I would have ignored them but my players like the little nitpicky rules and start to really question things like when I let the Human see down the 60ft hall with just Light. They monitor their own carrying capacity, too, and consider Ant Haul a key spell. *shrugs* Not the worst problem to have.

Lighting rules are actually pretty brutal, and significantly raise the value of Darkvision and Low-Light. I don't personally like them but they really shift how the game plays out in an interesting way. Ignoring them definitely makes for a very different Pathfinder.


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The lighting rules aren't that bad until you realize that a human standing in a large dark room can't see a lit torch 50 feet away, much less the person holding it.


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I’m embarrassed to say, but conditions. It’s only been 19 years; I have no excuse. Luckily we have the card deck, and I have an assigned player who hands out each card as required. That includes to me, the GM. I always sheepishly accept...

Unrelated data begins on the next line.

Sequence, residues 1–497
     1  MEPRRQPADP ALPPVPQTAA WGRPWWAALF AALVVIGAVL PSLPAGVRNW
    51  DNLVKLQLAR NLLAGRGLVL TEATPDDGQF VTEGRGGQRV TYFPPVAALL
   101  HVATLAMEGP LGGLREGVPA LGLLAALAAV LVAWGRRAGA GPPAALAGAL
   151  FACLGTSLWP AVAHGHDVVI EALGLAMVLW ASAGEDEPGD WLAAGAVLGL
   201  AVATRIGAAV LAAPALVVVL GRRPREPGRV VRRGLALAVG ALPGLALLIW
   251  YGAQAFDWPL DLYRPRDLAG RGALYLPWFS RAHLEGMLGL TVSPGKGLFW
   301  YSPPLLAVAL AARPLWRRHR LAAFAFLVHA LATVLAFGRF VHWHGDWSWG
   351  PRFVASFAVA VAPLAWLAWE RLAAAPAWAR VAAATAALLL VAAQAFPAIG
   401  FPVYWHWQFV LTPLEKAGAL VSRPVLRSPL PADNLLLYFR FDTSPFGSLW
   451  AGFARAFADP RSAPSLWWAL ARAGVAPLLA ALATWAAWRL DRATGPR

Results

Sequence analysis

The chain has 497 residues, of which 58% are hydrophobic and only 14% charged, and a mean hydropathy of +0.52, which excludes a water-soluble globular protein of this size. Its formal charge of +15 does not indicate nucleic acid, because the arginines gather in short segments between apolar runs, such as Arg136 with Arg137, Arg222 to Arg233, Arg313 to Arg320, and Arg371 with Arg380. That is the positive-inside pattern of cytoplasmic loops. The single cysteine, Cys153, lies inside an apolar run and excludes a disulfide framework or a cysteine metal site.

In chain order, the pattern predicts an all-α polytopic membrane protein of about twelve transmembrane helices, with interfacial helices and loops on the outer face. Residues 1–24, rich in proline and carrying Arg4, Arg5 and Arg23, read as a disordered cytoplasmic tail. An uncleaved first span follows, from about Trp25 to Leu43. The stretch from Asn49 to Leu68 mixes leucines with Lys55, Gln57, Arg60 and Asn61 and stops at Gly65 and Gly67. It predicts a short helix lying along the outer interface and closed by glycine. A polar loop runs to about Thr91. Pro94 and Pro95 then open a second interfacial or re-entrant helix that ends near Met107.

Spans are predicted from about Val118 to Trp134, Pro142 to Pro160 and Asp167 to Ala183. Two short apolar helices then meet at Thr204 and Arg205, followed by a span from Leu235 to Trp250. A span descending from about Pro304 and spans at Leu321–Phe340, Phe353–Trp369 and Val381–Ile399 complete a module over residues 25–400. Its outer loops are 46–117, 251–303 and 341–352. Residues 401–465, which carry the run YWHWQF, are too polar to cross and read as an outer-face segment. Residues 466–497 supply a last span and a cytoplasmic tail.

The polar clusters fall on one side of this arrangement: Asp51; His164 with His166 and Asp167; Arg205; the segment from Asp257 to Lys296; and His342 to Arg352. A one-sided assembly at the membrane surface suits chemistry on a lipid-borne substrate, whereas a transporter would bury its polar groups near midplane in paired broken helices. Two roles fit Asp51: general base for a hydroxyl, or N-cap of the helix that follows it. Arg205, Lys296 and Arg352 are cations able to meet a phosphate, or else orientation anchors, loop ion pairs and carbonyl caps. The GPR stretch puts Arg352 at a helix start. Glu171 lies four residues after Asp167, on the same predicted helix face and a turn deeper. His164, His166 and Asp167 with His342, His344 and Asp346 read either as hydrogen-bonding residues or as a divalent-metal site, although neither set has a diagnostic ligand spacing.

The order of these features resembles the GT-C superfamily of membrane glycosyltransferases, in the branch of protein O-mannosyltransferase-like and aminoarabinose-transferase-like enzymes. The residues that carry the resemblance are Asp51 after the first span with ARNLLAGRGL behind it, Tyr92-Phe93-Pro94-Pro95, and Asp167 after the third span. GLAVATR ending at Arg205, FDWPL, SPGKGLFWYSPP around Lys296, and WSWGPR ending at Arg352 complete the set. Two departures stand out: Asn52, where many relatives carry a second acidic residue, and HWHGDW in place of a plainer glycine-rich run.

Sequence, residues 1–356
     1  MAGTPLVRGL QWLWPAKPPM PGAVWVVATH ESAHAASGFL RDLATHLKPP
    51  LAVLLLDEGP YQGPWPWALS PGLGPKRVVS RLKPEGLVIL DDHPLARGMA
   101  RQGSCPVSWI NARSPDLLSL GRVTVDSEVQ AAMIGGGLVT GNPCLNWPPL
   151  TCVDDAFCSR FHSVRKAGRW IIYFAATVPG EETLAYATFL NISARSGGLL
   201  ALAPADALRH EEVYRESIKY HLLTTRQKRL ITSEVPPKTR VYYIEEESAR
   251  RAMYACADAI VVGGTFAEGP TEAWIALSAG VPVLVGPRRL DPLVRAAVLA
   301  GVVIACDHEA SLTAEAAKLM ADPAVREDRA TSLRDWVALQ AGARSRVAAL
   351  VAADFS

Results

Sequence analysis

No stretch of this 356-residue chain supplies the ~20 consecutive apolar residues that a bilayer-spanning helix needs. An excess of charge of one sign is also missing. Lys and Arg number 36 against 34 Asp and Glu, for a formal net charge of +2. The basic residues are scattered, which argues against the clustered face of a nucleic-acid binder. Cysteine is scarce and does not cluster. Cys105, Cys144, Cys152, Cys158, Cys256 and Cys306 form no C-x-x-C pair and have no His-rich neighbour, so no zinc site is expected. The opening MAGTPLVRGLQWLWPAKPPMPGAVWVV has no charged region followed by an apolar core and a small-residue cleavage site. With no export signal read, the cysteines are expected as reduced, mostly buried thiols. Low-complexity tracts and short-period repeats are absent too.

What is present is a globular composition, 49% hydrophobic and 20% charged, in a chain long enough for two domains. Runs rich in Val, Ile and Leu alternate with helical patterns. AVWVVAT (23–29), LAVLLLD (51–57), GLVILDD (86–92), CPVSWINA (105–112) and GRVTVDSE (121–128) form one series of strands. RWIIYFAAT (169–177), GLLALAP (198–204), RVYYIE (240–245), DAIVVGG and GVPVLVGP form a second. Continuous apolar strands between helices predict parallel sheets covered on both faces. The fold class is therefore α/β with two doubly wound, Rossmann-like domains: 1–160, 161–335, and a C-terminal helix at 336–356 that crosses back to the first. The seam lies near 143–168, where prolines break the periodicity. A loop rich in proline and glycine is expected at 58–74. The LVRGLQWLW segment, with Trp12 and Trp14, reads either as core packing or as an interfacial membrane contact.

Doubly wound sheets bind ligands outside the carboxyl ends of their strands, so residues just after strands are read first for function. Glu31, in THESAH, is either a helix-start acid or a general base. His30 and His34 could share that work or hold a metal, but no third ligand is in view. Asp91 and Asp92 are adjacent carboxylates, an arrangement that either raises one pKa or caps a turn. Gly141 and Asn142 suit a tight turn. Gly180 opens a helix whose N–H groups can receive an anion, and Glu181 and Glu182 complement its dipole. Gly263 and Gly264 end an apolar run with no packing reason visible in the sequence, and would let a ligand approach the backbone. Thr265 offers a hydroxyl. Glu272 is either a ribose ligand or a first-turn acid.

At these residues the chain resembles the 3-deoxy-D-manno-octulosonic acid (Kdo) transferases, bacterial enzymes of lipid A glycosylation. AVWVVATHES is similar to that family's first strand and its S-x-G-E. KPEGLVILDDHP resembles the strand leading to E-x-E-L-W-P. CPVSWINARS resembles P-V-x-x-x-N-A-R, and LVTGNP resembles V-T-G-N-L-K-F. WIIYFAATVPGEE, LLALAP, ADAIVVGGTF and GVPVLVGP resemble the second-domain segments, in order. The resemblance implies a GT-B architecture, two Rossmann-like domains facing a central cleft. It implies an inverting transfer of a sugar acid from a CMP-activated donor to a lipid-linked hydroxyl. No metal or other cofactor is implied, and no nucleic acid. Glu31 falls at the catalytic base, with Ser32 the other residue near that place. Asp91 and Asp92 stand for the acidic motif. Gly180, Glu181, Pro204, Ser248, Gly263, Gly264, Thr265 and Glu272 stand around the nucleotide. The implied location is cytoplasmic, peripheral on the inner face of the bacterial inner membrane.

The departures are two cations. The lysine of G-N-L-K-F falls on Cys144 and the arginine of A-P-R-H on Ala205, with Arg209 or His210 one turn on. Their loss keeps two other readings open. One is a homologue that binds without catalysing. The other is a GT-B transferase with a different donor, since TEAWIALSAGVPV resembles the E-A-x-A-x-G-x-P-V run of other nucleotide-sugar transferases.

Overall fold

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blahpers wrote:
The lighting rules aren't that bad until you realize that a human standing in a large dark room can't see a lit torch 50 feet away, much less the person holding it.

The ruling that you can't see through darkness is pretty specifically about Darkness (and its other spell/spell-like variants) and not a lack of light. Darkness interacts with non-magical light differently than darkness. The effectively blinded rule in the Vision and Light section of the CRB isn't actually blinded (thus the use of effectively) - it is likely intended to refer to your vision with regards to the area of darkness and not a lit area nearby. I know you can RAW your way to the conclusion that you can't see through/out of non-magical darkness but that doesn't always mean you should. PF breaks down pretty fast if you go RAW doggin around.


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The two that I'm the worst at:
1) Concentration/casting defensively (specifically, d20 roll + caster level + ability mod? No ability mod? I dunno... look it up. And yes, it's d20 + CL + ability mod)